Terence Curren and Philip Hodgetts discuss the importance, and relevance of resolution and frame rates. How much is too real? How will higher frame rates be distributed in the home market?
And yes, another 3D rant!
Podcast: Play in new window | Download (Duration: 15:55 — 7.3MB)
10 thoughts on “Episode 46: Resolution”
Firstly, I do agree that watching a movie in 48fps in the cinema ‘feels wrong’. And the idea that people (like Jackson) were surprised with the initial negative reaction seems odd, as it was ALWAYS gonna be negative. In fact, Jackson himself has said that it took him hours of watching the material to get accustomed to it so showing 10mins at CinemaCon was a pretty awful marketing mistake.
That being said, you seem to be missing the point of 48fps. The only reason both Cameron and Jackson are using it is for 3D. The obvious technical limitation of shooting 3D 24fps is the inability to have panning and fast moving shots for any lengthy extent without causing severe sickness in the audience because of strobing. In action films this is a real problem, and I think one of those directors once described it as like directing with one arm tied behind their back. This issue is not there with 48fps. Shooting this way is only a matter of creative freedom for them.
But I do think people with naturally resist the technology. I do have a prediction. I think (with maybe the exception of The Hobbit) you’ll see 3D films released 48fps, and the 2D versions released 24fps. That way people will have a choice. And soon people will associate 3D with 48fps, because once they get used to it, it will actually look better. Also, the very nature of watching a movie in 3D is a little false anyway (the glasses) so it’s not that much of a leap.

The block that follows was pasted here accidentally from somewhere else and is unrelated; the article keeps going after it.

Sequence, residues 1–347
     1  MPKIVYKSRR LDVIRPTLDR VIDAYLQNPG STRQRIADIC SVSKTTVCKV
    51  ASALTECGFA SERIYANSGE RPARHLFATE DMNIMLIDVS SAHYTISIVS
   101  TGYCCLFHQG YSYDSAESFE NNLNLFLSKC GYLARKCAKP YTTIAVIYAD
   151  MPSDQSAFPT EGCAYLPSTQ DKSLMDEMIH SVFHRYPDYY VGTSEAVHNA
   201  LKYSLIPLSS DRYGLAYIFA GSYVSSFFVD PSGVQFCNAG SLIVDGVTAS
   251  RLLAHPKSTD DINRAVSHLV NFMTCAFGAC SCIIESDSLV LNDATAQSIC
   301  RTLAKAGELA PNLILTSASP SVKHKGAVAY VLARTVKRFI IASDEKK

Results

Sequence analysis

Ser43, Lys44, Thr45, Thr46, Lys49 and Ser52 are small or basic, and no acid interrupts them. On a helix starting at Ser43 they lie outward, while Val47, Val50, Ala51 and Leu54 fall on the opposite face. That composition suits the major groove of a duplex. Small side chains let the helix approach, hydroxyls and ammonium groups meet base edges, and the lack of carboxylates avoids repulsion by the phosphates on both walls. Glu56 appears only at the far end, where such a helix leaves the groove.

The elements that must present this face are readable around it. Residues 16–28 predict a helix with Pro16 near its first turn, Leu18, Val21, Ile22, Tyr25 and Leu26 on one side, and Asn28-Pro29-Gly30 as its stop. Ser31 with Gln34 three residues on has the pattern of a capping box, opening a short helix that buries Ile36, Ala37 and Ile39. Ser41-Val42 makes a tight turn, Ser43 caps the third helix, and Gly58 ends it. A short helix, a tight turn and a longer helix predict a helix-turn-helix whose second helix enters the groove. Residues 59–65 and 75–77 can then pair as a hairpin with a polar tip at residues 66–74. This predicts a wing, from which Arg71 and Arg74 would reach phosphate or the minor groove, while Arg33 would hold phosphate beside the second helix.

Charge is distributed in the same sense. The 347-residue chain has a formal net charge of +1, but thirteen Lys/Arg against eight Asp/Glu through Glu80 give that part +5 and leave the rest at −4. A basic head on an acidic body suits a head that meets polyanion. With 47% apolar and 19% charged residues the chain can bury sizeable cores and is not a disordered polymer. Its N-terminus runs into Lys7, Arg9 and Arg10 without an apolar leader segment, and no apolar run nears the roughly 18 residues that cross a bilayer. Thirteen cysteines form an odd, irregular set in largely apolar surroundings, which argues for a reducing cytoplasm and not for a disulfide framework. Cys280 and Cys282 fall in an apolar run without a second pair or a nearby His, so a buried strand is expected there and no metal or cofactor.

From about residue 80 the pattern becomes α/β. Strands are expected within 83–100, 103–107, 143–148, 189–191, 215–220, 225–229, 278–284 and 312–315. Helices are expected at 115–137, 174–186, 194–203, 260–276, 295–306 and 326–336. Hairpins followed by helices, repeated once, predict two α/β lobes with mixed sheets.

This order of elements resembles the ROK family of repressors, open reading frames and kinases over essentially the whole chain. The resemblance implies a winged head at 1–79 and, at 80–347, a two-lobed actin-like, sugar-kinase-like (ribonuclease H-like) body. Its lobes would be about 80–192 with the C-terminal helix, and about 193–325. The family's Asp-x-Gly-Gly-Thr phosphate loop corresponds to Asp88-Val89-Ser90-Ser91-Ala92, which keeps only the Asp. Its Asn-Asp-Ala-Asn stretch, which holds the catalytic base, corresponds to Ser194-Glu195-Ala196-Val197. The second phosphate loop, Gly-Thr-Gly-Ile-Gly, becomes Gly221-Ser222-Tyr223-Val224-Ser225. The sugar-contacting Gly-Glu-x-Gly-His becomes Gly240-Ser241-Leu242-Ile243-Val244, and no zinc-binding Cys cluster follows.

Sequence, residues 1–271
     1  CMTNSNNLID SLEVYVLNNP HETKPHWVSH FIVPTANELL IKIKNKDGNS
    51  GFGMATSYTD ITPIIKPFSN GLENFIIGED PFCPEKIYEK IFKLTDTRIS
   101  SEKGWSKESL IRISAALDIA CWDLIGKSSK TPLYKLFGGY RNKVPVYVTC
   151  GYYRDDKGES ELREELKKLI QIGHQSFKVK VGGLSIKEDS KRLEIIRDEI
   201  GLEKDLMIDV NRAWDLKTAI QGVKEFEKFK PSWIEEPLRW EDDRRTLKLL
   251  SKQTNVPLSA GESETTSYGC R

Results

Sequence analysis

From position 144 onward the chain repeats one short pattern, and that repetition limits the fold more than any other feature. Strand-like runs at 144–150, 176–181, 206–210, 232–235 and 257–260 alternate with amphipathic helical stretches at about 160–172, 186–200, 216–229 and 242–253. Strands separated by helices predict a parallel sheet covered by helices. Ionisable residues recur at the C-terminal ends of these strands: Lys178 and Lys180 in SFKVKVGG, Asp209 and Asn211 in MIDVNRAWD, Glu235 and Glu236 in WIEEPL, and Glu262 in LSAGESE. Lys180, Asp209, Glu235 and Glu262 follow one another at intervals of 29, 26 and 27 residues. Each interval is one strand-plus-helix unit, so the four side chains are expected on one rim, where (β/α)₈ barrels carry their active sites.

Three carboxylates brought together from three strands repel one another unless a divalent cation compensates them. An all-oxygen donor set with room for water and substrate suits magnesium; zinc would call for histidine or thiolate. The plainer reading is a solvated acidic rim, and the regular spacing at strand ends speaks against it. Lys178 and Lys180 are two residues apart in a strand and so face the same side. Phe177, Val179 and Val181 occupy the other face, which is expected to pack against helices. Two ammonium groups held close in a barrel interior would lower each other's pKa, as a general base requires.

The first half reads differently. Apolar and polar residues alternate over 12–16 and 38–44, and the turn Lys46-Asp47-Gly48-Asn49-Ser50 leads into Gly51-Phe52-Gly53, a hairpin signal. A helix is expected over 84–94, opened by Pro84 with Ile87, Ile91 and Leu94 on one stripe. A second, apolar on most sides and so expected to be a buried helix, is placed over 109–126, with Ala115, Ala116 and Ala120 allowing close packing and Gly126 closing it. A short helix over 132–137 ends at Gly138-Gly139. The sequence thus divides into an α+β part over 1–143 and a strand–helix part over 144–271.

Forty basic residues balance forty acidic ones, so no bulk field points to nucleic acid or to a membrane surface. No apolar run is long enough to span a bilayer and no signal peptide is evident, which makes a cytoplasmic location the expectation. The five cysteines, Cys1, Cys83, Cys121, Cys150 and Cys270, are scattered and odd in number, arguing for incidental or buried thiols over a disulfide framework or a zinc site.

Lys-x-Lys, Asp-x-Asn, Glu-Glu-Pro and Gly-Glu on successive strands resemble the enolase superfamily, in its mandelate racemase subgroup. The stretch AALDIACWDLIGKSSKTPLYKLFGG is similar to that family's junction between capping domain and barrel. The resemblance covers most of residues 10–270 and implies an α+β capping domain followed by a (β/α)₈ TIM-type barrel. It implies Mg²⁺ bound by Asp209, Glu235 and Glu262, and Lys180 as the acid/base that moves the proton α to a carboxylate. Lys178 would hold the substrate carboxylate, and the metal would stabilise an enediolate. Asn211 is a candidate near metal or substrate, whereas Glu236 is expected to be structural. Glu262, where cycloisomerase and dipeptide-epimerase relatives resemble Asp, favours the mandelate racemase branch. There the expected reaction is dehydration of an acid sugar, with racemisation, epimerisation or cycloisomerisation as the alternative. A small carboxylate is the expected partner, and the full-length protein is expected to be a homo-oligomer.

In terms of the future of 3D, I actually think it’s here for a while. The cost and pipeline is now in place, cinemas are fitted, and it’s kind of expected that Big Hollywood Movies will have that choice. It ain’t disappearing soon.
I agree that I’ve not really appreciated 3D movies that much, because to be honest, I don’t think directors know how to shoot them. That being said, I saw the 3D trailer for The Hobbit in the cinema, and it was easily the most impressive use of 3D I’ve ever seen. The reason was simple, they had filmed it like a pop-up storybook, in planes of vision, and it was beautiful and fitted the material perfectly. Obviously this approach wouldn’t work on all movies, but I’m genuinely looking forward to this movie in 3D, even in 48fps…
Looks like I may have been right about future 48fps presentation choices (even for The Hobbit it seems):
PJ: There is a huge audience waiting to see “The Hobbit,” and any positive press from Comic-Con will truthfully have little impact on that. However, as we saw at CinemaCon earlier this year, with our 48 frames per second presentation, negative bloggers are the ones the mainstream press runs with and quotes from. I decided to screen the “Hobbit” reel at Comic-Con in 2-D and 24 frames per second, so the focus stays firmly with the content and not the technical stuff. If people want 3-D and 48fps, that choice will be there for them in December.
Isn’t it time for another round of Terence & Philip Shows? C’mon, guys!
*And don’t think we’re not interested in hearing why you ended your involvement with the Ra project, Philip. 🙂
Bill, I’ll go with “Creative Differences” 😉
The subject of the first Terence and Philip Show back, will be Solar Odyssey and the lessons learnt. (And more of the back story on what happened.)
Will there ever be another Terence & Philip Show? I miss it so.
Yes, there will be more shows. We’ve recorded two more and I expect one to be ready this week. Thanks for noticing and appreciating the show.
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